Chikugo River Fireworks Festival

August has arrived,
and with it, the festival season in Japan!

Summer brings a plethora of traditional festivals that allow you to experience Japanese culture.

Among these, I’d like to introduce the Chikugo River Fireworks Festival, the largest-scale event in western Japan, attracting over 450,000 spectators annually.

Chikugo River Fireworks Festival

Chikugo River Fireworks Festival

The Chikugo River Fireworks Festival traces its origins back to the celebration of the completion of Suitengu Shrine in the year 1650 (Keian 3). With a history spanning over 350 years, this festival revolves around a grand fireworks display. While it lacks processions of mikoshi (portable shrines) and floats, as well as bon dances and parades, it compensates with a mesmerizing display of 15,000 to 18,000 fireworks illuminating the night sky and reflecting on the water’s surface. Along the riverbanks, around 400 stalls selling various goods offer a spectacular sight.

In the imagery of fireworks, in the UK, fireworks are launched on the commemorative day of Guy Fawkes Night in November to pray for peace. In France, fireworks are set off to celebrate New Year’s. In the United States, fireworks are often launched during the celebration of Independence Day.

However, it’s quite unique that in Japan, fireworks festivals are frequently held across the country from the beginning to the end of summer, with displays lasting nearly two hours. Japanese fireworks come in various types and are known for their vibrant and colorful displays, captivating the observers.

Events like the Chikugo River Fireworks Festival exhibit a grand scale, drawing such massive crowds that one might wonder, “Where is everyone coming from?”.

I strongly urge you to witness and experience it with your own eyes at least once.

 

Indispensable to any festival are the food stalls and vendors. The origin of these can be traced back to the Edo period, when merchants known as “boude handuri” carried scales and poles, making it easier to sell grilled fish and oden. This convenience led to the proliferation of carrying stalls and covered booths, forming the origins of these stalls.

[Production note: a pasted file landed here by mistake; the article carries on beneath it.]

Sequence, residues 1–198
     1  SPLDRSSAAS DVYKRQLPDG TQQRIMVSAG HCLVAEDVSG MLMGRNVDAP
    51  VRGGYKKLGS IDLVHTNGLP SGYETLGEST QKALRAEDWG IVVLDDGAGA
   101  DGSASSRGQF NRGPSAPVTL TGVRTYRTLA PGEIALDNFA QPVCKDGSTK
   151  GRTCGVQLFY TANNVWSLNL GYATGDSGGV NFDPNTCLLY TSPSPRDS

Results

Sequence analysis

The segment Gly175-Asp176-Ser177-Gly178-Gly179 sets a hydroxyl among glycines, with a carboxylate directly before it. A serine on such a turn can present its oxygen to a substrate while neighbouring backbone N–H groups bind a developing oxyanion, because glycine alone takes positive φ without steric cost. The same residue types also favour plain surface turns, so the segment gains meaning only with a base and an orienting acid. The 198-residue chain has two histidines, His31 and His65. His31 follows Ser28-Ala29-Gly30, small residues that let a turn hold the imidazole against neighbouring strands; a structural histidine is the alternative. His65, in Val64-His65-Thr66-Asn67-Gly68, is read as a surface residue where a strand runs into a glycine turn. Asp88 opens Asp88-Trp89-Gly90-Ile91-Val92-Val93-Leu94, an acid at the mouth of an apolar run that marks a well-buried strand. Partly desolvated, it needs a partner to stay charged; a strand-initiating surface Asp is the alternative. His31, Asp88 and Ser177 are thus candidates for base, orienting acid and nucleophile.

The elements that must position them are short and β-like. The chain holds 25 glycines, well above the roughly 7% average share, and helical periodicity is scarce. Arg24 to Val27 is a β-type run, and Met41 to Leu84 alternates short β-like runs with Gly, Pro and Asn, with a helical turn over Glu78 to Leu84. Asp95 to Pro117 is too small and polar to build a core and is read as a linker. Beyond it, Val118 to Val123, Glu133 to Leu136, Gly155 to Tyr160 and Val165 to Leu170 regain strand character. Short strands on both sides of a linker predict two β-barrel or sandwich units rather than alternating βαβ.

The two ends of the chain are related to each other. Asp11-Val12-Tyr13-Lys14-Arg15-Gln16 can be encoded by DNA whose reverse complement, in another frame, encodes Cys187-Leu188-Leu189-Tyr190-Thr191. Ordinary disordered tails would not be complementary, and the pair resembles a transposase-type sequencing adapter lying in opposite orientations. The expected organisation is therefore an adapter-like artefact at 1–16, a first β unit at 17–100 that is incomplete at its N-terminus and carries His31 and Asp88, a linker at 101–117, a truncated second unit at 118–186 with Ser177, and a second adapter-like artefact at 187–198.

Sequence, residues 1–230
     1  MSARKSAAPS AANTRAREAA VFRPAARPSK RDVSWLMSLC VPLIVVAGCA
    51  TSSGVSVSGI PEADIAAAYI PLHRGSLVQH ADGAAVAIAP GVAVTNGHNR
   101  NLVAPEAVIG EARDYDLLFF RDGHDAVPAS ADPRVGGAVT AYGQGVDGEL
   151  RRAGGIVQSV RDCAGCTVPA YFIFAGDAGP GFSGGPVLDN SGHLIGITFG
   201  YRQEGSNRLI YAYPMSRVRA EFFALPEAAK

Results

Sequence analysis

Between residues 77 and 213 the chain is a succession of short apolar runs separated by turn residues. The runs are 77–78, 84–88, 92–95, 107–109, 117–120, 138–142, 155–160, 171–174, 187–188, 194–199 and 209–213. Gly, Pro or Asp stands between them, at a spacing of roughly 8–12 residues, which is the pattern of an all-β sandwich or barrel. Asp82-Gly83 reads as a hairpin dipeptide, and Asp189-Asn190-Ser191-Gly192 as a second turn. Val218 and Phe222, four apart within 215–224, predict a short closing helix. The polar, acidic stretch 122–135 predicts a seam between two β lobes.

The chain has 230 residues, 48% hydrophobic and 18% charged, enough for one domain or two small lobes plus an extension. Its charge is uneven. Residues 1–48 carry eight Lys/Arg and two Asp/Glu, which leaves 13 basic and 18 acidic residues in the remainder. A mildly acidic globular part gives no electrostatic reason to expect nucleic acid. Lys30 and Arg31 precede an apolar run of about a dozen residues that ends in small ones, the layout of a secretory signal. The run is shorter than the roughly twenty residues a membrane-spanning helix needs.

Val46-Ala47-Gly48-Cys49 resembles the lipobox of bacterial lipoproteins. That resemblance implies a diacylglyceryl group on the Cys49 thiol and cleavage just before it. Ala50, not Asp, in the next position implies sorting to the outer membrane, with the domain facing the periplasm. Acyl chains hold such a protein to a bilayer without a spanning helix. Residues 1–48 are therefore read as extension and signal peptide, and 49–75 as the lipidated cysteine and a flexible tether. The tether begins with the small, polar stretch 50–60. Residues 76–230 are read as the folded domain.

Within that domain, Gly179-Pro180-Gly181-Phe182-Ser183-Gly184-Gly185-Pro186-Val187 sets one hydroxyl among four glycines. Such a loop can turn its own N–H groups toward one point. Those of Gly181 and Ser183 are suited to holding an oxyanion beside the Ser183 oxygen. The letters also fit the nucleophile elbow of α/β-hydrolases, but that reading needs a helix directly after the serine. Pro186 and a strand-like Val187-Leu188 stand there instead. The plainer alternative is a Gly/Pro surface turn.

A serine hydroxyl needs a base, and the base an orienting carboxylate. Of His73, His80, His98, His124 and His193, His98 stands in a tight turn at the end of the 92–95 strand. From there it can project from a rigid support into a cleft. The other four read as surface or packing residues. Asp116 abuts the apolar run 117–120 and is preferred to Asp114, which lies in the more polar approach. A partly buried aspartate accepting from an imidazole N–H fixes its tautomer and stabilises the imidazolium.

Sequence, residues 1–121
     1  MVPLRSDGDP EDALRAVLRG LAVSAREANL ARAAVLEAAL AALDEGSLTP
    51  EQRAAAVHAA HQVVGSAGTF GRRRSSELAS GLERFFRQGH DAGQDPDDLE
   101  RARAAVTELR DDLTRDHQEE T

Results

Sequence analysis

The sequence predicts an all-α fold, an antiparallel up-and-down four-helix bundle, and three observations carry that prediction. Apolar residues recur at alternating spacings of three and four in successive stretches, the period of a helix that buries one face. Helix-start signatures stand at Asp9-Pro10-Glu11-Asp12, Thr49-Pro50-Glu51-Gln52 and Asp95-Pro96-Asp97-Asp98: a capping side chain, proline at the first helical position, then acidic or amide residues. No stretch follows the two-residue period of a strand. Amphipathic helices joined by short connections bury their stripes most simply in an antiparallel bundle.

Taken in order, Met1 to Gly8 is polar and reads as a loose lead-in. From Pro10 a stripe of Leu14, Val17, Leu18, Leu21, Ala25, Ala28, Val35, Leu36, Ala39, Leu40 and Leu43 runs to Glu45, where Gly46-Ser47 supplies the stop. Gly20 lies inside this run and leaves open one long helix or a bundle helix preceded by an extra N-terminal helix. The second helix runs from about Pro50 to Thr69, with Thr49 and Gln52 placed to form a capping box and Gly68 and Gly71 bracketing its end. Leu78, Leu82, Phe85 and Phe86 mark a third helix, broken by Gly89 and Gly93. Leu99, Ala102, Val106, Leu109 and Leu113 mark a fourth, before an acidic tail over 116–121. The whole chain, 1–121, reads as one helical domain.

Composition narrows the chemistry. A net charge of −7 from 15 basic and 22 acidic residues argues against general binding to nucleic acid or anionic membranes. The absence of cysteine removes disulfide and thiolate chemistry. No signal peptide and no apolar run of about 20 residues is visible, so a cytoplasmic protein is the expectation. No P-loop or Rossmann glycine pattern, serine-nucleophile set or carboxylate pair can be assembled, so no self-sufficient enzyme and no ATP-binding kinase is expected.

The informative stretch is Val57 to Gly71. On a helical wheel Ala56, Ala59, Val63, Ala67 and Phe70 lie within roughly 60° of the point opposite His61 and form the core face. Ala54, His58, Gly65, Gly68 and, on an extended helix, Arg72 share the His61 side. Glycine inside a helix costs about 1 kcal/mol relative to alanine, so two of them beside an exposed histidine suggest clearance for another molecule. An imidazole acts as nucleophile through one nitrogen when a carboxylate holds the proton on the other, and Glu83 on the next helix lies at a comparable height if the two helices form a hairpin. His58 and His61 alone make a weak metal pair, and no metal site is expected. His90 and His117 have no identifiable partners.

At the Chikugo River Fireworks Festival, you can savor delicacies such as:

・Takoyaki
Creative variations like Samurai Balls
・Hashimaki
Regional specialties like Yakisoba
・Yakitori
Enjoy chicken in its finest form
・Yakimorokosi
Fragrant with the aroma of soy sauce
・Karaage
Unmistakably delicious
・Buttered potatoes
The ultimate way to enjoy potatoes
・Chocolate bananas
A collaboration of chocolate and bananas
・Candy apples
Japanese version of the classic treat
・Cotton candy
Japan’s version of spun sugar candy
・Baby castella
Perfect size for on-the-go snacking
・Tornado potatoes
A visually stunning treat that never fails to amaze
Beyond just food, these stalls offer more. You can enjoy:

・Target shooting games
The excitement of festival shooting games
・Goldfish scooping
A game unique to Japan where you scoop up goldfish
・Yo-yo fishing
A common question is, “How do you play with this yo-yo?”

In recent times, alongside the classics, a variety of offerings have emerged, from kebabs and Italian spa buns to visually appealing items like light bulb sodas and drip juices.

And of course, when it comes to festivals, donning a yukata (casual summer kimono) is a must. Yukata, with its myriad designs, showcases the Japanese ingenuity to stay comfortable in the hot summer.

If you’re eager to try on a yukata, there are rental services available for you to experience this tradition. Feel free to inquire for more information.

Festivals offer a chance to engage with Japanese history, connect with local communities, and experience aspects of Japan that you wouldn’t encounter through regular tourism. Moreover, during festivals, the Japanese people are remarkably open, enabling unique interactions that are exclusive to these occasions.

We invite you to immerse yourself in the energy of Japan by participating in its festivals.

Next, we’ll spotlight festivals featuring mikoshi (portable shrines).

Thank you for reading until the end.